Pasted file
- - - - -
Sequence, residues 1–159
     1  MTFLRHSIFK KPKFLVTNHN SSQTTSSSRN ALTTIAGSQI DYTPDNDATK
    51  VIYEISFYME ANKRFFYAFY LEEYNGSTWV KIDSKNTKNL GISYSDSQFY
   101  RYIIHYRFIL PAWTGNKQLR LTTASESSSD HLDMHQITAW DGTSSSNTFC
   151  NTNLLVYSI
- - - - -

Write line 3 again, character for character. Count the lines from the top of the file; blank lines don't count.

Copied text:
    51  VIYEISFYME ANKRFFYAFY LEEYNGSTWV KIDSKNTKNL GISYSDSQFY